Flow Technologies Explained
The ever-increasing development of IP networks as well as the reliance on network services for business applications, has increased the demand for manageable high capacity networks. Thus, network operators are implement monitoring technologies to provide network-wide visibility, allowing them to increase network performance for their users. These technologies are specifically created to provide network operators an access to IP flow information, enabling better control and network usage management throughout their network. This article will discuss the basics of flow technologies: the most popular, their differences, and there uses in modern networks.
What Is Flow?
Network flow monitoring technologies utilize packet sampling and are used in large data networks that contain switches, routers and firewalls. These devices collect “flow data” and export that information to “flow collectors” which are responsible for reception, storage and pre-processing of flow data.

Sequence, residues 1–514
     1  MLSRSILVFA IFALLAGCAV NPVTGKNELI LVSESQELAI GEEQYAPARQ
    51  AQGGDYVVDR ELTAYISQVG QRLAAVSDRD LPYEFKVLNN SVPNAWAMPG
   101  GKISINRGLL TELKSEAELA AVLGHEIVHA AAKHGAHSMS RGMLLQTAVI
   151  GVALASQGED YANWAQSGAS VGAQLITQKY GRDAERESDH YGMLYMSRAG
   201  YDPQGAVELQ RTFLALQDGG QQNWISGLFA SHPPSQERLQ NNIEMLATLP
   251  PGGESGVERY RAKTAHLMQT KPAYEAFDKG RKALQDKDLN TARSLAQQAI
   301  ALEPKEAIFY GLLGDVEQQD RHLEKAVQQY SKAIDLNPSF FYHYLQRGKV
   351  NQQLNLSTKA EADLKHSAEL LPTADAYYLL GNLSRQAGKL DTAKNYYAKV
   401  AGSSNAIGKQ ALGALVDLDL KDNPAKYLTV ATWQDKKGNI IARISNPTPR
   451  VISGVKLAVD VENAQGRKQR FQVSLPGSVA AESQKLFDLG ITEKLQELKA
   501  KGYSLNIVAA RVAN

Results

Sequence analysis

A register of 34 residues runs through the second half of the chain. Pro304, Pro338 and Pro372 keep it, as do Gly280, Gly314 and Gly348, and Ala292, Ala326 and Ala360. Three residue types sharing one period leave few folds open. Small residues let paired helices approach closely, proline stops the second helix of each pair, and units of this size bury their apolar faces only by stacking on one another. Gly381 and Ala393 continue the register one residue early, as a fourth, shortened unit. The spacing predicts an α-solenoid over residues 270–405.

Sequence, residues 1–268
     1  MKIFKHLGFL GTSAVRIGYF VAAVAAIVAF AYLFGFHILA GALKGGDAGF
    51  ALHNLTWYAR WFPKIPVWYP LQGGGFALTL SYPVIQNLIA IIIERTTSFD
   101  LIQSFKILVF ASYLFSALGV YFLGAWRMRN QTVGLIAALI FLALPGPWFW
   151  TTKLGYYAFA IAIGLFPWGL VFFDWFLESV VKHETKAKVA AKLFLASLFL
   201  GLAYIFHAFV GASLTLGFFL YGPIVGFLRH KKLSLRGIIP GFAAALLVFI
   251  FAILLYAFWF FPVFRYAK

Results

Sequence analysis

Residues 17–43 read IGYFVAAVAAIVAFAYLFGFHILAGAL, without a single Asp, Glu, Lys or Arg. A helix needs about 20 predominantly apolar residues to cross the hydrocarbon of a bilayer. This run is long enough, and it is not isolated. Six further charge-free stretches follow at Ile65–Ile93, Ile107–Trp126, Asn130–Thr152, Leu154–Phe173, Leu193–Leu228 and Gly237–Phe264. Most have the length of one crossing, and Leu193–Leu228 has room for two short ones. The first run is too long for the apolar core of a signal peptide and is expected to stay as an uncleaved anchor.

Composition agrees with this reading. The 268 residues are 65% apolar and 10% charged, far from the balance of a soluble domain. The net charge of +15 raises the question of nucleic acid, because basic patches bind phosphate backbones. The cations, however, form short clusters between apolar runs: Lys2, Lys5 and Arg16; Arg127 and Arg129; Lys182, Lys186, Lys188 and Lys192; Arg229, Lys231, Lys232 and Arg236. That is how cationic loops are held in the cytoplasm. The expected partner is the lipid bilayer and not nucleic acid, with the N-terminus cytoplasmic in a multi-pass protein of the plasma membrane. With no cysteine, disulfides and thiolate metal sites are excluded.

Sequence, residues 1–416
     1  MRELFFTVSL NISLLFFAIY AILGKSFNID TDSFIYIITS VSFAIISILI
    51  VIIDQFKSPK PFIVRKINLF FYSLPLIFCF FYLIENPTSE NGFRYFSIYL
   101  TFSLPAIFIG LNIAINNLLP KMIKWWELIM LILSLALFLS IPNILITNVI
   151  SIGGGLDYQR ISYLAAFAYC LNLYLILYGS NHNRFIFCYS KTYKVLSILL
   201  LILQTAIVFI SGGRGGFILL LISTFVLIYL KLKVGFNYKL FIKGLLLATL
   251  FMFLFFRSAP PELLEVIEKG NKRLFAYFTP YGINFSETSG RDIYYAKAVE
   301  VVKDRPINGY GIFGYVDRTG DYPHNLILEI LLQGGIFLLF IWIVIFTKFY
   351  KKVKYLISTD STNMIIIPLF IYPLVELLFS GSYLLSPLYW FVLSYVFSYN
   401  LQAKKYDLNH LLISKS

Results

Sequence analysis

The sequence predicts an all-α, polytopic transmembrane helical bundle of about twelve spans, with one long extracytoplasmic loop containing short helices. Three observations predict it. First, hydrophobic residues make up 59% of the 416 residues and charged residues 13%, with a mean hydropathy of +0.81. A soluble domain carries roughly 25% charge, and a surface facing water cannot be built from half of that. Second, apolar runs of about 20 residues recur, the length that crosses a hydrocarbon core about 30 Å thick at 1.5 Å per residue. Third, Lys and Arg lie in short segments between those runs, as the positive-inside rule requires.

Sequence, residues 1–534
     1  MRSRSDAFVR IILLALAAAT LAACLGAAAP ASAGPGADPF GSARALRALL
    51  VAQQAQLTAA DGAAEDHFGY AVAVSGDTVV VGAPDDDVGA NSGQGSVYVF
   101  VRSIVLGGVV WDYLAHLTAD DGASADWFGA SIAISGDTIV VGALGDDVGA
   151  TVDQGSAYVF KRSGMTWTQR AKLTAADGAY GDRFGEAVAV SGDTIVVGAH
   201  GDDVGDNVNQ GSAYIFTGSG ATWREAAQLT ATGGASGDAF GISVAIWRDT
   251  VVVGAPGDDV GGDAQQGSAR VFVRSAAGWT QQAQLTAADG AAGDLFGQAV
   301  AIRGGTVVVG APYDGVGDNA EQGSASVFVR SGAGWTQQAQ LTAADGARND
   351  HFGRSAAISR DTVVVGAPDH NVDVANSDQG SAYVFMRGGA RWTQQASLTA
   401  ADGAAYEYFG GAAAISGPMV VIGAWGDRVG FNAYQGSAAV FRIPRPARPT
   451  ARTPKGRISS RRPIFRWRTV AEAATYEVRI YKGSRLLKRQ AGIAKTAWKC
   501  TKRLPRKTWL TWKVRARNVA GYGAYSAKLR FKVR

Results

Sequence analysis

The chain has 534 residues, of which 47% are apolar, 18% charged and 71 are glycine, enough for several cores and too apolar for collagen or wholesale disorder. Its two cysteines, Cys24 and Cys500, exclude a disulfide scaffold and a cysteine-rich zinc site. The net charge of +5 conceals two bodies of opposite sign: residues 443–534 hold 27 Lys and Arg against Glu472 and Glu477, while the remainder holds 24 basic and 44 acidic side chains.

A flow or a network flow is defined as a unidirectional or bidirectional sequence of packets between two endpoints with common attributes. Network devices differentiate flows depending upon their architecture, implementation, and device configuration. Network devices including Switches and Routers collect flow information on the traffic that is received or sent through them. This information can then be logged locally or sent to an external information collector that will provide fine-grained analysis.
The data collected provides vital information about traffic in the network and is used to aid billing, traffic engineering, capacity planning, and traffic analysis for policy decisions.
Below are the most popular technologies that capture NetFlow IP operational data from network links or devices.
Introduced by Cisco, NetFlow is the most widely used traffic monitoring system, and is considered the de facto industry standard for flow data statistics in network communication.